"How the Common Core Will Help the United States Bring Up Its Grade on Mathematics Education" comes perilously close to being the sort of thing certain bloggers might write if they wanted to make fun of folks like CAP. This is like a small museum of bad and discredited arguments for the CCSS.
First, it's "OMGZ!! Our test scorers are worserer than everybody elses!!"
American high school students also perform far below the international average in math. Currently, they rank 27th in mathematics, while Korean and Japanese students lead the world. Between 2003 and 2012, the average math score in the United States actually decreased 2 points, while Korea’s shot up 12 points.
Education historian Diane Ravitch has addressed this point roughly a gazillion times.
In 1964, when the first international test was offered in two grades to twelve nations, we came in last and next to last in the two grades but went on to have a stronger economy in the next half century than the other 11 nations that were tested.
We have always done poorly in the international testing game, and yet, somehow, we are not yet ruled by Estonia. There is no evidence of any connection between students ability to take a standardized test and a nation's fortune and future. None. Zero. Zip.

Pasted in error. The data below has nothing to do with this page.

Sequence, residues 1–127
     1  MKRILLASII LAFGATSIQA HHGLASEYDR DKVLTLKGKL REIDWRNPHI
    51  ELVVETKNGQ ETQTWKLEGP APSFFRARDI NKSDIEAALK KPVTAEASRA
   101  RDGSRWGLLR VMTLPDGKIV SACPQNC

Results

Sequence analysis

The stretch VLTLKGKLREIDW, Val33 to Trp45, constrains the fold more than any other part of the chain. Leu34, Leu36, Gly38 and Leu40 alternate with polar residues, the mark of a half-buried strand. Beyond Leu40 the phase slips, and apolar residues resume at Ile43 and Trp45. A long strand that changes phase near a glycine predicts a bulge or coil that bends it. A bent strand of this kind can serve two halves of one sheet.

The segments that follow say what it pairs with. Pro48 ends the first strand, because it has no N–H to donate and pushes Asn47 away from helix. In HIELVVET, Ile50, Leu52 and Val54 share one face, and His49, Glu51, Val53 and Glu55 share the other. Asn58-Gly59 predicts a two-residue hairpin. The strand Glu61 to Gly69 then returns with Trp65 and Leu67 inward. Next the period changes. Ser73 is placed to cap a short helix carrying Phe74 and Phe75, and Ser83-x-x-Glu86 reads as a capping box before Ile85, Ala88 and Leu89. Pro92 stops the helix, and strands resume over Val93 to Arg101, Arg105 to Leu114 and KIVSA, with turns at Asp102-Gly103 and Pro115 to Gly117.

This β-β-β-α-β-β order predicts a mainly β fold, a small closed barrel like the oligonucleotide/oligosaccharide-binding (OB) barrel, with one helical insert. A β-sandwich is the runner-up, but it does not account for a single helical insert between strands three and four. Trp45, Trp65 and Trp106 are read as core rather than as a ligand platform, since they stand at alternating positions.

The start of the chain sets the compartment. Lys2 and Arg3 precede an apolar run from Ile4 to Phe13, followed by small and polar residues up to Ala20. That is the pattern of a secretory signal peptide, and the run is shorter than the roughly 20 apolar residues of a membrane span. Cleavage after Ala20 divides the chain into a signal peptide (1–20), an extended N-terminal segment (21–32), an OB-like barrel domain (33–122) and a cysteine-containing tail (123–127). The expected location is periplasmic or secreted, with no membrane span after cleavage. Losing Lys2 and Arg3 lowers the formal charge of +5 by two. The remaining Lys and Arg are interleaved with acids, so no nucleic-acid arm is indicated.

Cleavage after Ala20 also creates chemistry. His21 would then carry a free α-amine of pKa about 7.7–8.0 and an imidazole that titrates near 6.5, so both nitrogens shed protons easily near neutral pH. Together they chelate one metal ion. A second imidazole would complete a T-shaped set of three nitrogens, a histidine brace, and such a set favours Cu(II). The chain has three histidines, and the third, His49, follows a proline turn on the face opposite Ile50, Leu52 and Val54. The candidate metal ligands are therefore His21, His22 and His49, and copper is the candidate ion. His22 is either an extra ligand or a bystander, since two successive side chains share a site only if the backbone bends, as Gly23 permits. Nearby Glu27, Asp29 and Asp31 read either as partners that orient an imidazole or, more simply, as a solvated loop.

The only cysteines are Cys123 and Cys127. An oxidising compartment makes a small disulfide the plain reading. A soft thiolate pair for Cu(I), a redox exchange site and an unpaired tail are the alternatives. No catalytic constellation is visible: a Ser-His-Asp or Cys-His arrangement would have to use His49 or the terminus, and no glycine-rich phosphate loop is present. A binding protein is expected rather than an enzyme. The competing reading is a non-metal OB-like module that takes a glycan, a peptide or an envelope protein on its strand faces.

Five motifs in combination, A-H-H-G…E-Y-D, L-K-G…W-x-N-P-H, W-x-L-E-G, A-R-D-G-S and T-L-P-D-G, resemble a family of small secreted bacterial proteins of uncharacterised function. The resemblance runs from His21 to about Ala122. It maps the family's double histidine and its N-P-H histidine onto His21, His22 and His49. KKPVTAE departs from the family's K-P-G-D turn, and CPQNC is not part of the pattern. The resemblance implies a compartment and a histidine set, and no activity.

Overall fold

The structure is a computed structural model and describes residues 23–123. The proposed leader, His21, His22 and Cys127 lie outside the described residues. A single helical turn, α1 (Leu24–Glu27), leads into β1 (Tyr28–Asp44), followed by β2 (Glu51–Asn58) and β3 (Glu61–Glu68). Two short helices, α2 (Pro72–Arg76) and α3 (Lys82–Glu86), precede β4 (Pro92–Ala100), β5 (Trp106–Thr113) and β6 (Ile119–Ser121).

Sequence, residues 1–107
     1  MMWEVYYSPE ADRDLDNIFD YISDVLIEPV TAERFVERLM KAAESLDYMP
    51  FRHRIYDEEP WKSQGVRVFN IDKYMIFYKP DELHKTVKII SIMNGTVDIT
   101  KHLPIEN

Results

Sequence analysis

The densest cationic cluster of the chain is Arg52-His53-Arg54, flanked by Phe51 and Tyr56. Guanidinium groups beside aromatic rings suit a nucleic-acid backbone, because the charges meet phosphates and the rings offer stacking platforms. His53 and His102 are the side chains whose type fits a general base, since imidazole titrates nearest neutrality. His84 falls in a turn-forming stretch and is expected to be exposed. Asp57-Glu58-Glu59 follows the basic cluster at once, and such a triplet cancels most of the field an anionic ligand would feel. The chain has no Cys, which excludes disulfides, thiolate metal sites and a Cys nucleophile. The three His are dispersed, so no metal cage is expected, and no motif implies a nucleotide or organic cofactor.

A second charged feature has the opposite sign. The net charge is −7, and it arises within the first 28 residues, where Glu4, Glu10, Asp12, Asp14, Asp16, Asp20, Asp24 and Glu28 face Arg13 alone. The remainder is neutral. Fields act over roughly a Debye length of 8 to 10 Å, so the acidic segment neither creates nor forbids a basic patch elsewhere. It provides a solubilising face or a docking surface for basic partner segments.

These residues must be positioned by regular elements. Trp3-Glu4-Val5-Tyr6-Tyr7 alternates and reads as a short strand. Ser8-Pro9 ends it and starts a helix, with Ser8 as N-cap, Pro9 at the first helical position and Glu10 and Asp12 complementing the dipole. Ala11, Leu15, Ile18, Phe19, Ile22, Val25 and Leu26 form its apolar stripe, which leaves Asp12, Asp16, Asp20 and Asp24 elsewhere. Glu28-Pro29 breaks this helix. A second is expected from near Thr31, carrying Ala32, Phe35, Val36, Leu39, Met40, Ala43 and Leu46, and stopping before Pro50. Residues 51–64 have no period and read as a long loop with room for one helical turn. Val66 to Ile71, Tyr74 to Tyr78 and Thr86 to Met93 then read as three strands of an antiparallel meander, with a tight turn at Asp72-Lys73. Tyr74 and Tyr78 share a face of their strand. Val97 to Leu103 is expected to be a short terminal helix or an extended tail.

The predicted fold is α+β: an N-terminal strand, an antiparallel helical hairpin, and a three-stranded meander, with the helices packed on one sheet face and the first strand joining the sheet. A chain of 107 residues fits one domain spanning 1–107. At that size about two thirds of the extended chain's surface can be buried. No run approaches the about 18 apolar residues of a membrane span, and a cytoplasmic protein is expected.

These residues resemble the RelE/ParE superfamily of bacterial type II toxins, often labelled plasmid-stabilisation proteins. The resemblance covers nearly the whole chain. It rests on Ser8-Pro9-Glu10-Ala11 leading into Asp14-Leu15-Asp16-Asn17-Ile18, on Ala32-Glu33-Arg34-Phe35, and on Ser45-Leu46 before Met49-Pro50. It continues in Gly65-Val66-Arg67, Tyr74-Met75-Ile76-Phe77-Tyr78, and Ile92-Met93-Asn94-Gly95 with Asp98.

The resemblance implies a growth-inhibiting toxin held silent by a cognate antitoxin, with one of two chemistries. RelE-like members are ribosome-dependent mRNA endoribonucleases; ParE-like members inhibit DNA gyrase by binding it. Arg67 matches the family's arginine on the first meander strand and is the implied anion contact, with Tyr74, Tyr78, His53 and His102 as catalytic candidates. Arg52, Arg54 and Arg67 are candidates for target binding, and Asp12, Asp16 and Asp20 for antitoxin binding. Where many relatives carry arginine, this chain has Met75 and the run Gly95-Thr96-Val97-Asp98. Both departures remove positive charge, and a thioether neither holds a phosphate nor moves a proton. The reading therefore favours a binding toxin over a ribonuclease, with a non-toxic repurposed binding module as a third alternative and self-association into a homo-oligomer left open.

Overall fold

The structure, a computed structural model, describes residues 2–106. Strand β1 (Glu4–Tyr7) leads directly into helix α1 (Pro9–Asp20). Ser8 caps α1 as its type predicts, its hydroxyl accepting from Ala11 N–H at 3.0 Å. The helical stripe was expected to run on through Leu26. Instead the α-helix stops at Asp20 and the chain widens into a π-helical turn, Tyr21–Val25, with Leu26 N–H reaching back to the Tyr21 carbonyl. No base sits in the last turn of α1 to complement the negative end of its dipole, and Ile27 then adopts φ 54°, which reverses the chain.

CAP is going to go ahead and play cheat games with numbers anyway, just in case you aren't feeling properly panicked yet;
Even the most affluent American students scored significantly below the average score of other countries. For example, American students in the highest economic quartile scored 81 points lower than the average student in Shanghai, China.
Sigh. First of all, is there anybody left who thinks that the test-takers of Shanghai are representative of anything? Second, when we compare American apples to international apples, we generally do better. Not that it matters, but this is point on which CAP can stop chicken littling.
The Common Core math standards represent the culmination of decades of research into how students learn and are an extension of 30 years of standards and curriculum development by the National Council of Teachers of Mathematics, or NCTM.
Really? Care to directly reference any of that research? Because I'm pretty sure the story of Common Core math standards is that Jason Zimba went out and wrote them in his garage in the middle of the night. Did CAP use some fancy hyperlinks to connect directly to any research they wanted to offer as support. Nope.
But worry not. CAP has it covered:
The Center for American Progress has reviewed the literature and research and discovered several reasons why teaching for conceptual understanding of math leads to improved outcomes for students:
Again, that literature and research is not specifically referenced, and I have to tell you that even C-level bloggers such as yours truly try to be less sloppy and "oh just take my word for it" than this. Because this certainly sounds like an assertion you could back up with actual facts and research and stuff.